Rates Peaking: What is In Store For H2?

| Multi Asset | Macro Views
Sandrine Perret
Portfolio Manager, Multi-Asset and Wealth Management

Is optimism warranted as we close the first half of 2023? The performance of equity markets in H1 could suggest so. Stocks have rallied as the macro environment has provided a relatively good mix of rapidly falling inflation with growth holding up and the largest part of rate hikes in this cycle now behind us. The latter effect seems to be driving sentiment, although central bankers have been clear that their inflation job is making progress but is not complete. In the second half of the year, investors will witness economies that are slowing as credit conditions deteriorate and financial stress coming and going on a regular basis. Hopes for a large monetary policy pivot could be disappointed for those using the roadmap that prevailed over the last decade’s “low inflation period”. We discuss what is the right dose of risk for portfolios and how to position as we navigate these uncertainties in the next six months.

High and Dry

Radiohead, 1995

What’s Next

Visible progress on the inflation front

If an investor had to choose a single indicator driving financial markets over the last 12 months, short-term policy rates or inflation would be among the top answers. Indeed, back in May 2022 some developed economies saw inflation shooting up towards double digit levels while policy rates were still not far from historical lows. Fast forward a year later, the world has changed and interest rates have increased from zero to 5% in the US, and from –0.5% to above 3% in the Eurozone. This helped to push down inflation, as US headline CPI dropped to 4.9% in April from above 9% in summer 2022. The progress made on inflation is visible in our Nowcasters where both DM and EM indicators have recently declined below the zero threshold, indicating a very low inflation risk ahead (Figure 1a). The downward momentum in prices is still important, as can be measured by the diffusion index – the percentage of data increasing vs decreasing (Figure 1b).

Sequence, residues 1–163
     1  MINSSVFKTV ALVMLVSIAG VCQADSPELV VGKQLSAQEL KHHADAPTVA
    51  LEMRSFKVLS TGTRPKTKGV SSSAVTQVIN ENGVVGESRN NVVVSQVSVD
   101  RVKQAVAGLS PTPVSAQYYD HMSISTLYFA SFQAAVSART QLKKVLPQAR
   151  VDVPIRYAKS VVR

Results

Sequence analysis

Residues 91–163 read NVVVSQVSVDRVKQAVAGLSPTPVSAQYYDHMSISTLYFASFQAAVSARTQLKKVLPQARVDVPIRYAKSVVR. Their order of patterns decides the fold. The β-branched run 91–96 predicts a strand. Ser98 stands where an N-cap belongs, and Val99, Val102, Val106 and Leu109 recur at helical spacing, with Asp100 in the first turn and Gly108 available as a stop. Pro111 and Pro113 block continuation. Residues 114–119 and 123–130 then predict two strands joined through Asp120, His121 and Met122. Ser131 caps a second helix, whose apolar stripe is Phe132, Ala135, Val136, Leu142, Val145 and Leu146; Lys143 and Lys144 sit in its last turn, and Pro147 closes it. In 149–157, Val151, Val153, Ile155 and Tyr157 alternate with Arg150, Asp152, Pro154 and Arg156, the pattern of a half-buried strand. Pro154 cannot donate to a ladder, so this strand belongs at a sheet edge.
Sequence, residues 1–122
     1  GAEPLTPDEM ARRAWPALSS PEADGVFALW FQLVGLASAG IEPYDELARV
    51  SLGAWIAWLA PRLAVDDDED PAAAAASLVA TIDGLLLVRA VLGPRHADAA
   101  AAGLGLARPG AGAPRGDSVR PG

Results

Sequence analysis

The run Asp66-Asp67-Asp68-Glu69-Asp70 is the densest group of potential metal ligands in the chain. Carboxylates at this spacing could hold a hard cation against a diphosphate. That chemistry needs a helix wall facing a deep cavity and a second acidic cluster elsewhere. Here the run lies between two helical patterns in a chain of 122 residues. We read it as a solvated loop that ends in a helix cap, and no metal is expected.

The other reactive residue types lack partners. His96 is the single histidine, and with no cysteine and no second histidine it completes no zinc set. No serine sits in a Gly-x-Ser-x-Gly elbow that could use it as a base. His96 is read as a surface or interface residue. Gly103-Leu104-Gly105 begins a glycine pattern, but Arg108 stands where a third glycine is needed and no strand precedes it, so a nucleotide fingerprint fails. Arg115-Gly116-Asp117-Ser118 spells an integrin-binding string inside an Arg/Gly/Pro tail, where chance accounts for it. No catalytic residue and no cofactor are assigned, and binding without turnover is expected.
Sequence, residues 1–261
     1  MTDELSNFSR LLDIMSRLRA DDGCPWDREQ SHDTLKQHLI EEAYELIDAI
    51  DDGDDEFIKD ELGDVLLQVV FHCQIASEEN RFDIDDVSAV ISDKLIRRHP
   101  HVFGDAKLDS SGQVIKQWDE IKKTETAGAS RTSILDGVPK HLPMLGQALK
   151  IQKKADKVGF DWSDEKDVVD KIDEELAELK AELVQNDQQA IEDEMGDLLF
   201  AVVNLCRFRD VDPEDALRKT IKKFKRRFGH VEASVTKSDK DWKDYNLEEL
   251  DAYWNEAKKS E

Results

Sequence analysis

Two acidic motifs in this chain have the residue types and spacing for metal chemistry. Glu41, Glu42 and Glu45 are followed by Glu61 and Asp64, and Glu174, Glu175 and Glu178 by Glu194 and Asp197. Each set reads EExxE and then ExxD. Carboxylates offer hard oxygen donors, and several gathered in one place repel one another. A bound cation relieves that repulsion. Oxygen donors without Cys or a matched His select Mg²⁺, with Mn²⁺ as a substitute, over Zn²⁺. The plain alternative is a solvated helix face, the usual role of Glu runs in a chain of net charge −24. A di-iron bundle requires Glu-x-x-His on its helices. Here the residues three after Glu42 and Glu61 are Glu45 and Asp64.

Figure 1a: Global Inflation Nowcasters – level

Source: Bloomberg, Unigestion. As of 07.06.2023.

Figure 1b: Global Inflation Nowcasters – diffusion index

Source: Bloomberg, Unigestion. As of 07.06.2023.

Is this battle over? Probably not. Over the last 12 months, easing supply chains and falling energy prices largely contributed to price declines. Now that supply chains have normalised and goods prices are on a downward path, bringing down services costs and capping rising wages is the hard task remaining for most central banks.